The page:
Magazine article American Banker

People

Magazine article American Banker

People

Article excerpt

A Weill Overture?

Sandy Weill made headlines earlier this week because of a big deal, but not on behalf of his company, Citigroup Inc. Mr. Weill orchestrated the surprise reunion of the New York Philharmonic and Carnegie Hall, of which he is also chairman. The Philharmonic, which left the New York landmark in the 1960s for a new home at Lincoln Center, said Sunday that it plans to return to Carnegie Hall by 2006.

Mr. Weill, who will undoubtedly have done a few more mergers by that time, met with Chad Gifford of FleetBoston Financial Corp. Tuesday morning while the two were attending a Sanford C. Bernstein & Co. conference in New York. By Mr. Gifford's account, the meeting was friendly.

Citi has long been thought to be interested in buying Fleet. So was the CEOs' get-together a signal that a deal is in the works?

Mr. Gifford, who acknowledges that Fleet's stock has suffered in the last year because of loan losses and underperforming operations, suggested the mere sight of the pair could help turn things around. "I'm sure you all noticed the warm embrace I received from Sandy," he said in a presentation that followed Mr. Weill's. "If nothing else, a warm embrace from Sandy is going to do a lot" for Fleet's stock.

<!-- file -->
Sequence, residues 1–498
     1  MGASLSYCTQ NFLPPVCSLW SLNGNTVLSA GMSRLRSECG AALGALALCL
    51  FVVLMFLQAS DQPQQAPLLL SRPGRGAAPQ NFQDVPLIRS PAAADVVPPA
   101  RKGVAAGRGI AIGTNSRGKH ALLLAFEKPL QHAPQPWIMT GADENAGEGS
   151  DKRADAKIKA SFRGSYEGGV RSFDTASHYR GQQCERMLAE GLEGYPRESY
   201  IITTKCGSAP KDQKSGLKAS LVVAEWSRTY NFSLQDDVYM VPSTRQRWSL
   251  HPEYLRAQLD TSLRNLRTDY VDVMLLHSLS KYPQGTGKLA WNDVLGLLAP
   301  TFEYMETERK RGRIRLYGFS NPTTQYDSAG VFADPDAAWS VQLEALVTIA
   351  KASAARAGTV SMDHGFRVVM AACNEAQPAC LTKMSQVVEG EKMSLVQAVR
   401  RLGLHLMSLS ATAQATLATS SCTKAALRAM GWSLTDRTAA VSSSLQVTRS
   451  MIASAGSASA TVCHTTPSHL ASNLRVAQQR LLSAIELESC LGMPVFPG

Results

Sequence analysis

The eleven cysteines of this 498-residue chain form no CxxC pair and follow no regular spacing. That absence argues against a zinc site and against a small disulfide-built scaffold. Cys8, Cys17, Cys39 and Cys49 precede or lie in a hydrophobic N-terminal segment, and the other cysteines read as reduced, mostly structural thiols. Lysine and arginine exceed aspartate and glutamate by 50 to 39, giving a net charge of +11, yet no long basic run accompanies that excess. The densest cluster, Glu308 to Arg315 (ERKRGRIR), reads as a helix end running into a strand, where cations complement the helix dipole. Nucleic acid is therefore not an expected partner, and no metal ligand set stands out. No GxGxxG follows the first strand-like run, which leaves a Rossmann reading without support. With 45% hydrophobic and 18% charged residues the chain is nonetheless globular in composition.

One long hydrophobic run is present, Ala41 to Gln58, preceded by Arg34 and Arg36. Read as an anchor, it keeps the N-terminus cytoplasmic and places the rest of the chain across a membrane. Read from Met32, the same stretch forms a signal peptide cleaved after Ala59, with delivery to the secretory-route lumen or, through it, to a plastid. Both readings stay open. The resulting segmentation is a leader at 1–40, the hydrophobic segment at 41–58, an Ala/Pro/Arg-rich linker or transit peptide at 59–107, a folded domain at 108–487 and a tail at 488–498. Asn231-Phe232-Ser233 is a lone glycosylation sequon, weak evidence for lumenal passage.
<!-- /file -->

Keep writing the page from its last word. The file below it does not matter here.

He was quick to add, indicating either his noted dark humor or the application of an electric shock by Fleet's head of investor relations, who accompanied Mr. Gifford to the presentation, "Of course you know I'm being sarcastic."

Office by the Rink

Molly Sapienza has an office like that of few bankers, at least in location.

For the past two months, since just before the end of the National Hockey League's regular season, Ms. Sapienza has been a sponsorship marketing manager for RBC Centura Banks of Rocky Mount, N.C., the U.S. retail banking unit of Royal Bank of Canada.

Her workplace is the RBC Center, a year-old entertainment and sports arena in Raleigh that is home to the NHL's Carolina Hurricanes and the North Carolina State University men's basketball team.

Royal Bank of Canada -- which brands all its business units with the initials RBC -- last summer agreed to pay $80 million over the next 20 years to put its name on the Raleigh arena. …

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